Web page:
Karma’s a critic (in this case)

Karma’s a critic (in this case)

In another post, recently, I wrote about the virtues of Michiko Kakutani of the NY Times — her invisibility except where it counted most: in her reviews.

But even there, she took books to task on their own terms.  She didn’t make it about her.

I used to edit somebody at the L.A. Times who was the opposite of Kakutani in so many ways — every review was always about him.  He was a mid-level critic with enough chops that my boss kept hiring him out … and I had to keep dealing with him.

Every phone call to discuss edits was a long, torturous discussion.  Every edit — even to change an article (which are as neutral, and as trivial, as the stones along a hiking trail) — required considerations worthy of the Talmudic sages of old.

Ok, fine.  There are plenty of writers like that.  I act that way, too, when my own writing is under the microscope.  Words matter, even the little ones … but hey, please, just don’t subject a poor sub-sub book review editor to such a long talk about it when a shorter one will do, especially when the guy has plenty of other editorial work waiting for him after the phone call is over.

But the thing I absolutely couldn’t bear was the self-dramatization in every conversation.  This guy saw his own life in grand, heroic terms  — and he narrated his latest experiences to me in terms that were just, well, weird.  Here’s one example that I’ve never been able to forget.  You may understand why in a moment.  When I rang him and he answered, I identified myself and asked, benignly, “how’s it going?” and his answer was:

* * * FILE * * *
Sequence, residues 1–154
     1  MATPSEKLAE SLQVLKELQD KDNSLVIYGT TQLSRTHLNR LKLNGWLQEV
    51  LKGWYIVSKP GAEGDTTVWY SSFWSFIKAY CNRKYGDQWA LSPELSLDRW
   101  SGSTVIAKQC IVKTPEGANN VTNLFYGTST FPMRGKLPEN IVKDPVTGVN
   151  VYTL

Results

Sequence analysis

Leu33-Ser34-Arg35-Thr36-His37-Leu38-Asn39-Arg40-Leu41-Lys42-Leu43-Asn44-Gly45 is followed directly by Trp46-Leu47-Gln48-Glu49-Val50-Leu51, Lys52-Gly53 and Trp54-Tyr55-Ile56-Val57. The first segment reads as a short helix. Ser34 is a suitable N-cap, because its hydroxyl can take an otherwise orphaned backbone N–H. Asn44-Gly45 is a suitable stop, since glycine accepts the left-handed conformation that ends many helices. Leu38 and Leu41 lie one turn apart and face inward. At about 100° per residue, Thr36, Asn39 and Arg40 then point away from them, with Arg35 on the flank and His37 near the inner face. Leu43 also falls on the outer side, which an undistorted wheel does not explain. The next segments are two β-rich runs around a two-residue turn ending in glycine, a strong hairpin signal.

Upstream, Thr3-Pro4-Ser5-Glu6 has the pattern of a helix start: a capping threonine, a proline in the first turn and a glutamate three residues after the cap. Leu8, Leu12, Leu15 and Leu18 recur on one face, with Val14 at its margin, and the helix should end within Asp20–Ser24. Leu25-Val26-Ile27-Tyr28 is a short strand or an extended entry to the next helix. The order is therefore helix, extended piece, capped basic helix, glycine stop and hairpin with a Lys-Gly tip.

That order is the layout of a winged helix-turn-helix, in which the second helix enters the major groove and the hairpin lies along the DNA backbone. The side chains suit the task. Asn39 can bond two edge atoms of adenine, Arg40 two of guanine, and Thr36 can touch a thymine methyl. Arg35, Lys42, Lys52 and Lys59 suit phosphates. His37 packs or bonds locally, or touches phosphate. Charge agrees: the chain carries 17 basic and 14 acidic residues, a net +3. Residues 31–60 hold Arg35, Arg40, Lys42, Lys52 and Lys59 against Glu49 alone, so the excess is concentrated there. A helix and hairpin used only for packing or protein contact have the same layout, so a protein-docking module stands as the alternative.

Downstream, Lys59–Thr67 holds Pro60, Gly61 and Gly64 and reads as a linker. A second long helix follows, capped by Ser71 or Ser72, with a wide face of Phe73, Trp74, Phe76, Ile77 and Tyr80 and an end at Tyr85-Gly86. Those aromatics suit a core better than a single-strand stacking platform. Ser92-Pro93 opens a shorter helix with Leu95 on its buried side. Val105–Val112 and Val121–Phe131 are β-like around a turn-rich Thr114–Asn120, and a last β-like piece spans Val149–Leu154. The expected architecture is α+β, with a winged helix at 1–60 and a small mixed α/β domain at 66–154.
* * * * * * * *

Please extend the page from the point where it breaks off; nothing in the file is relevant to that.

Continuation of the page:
Well, you know, spring has come early to New York City.  Everything is blossoming now, and there’s this riotous energy in the air that is making me feel sexually restless.  I don’t know what to do with it.  Once it awakens, you know, you can’t change it.  I’m just feeling very sexual lately.

That’s cool, buddy, I’m glad you told me.

My wife and I had two baby boys at home, and our hands were full.  This kind of talk didn’t just strike me as weird; it seemed incredibly naive and self-indulgent and typical of an academic bachelor with way too much time on his hands.

At any rate, the guy has gone on to fool several publishers into collecting his musings on various things, and recently a memoir of his was published … and thoroughly skewered in the pages of the TLS for the same reasons why I never looked forward to calling him to discuss my edits.  His book sounds dreadful.

It’s been many many years since I’ve thought about him, but that review prompted me to recall our editing exchanges — and it was also nice to think that karma, though it may take a while, always arrives.

Keep going, my dear friends.

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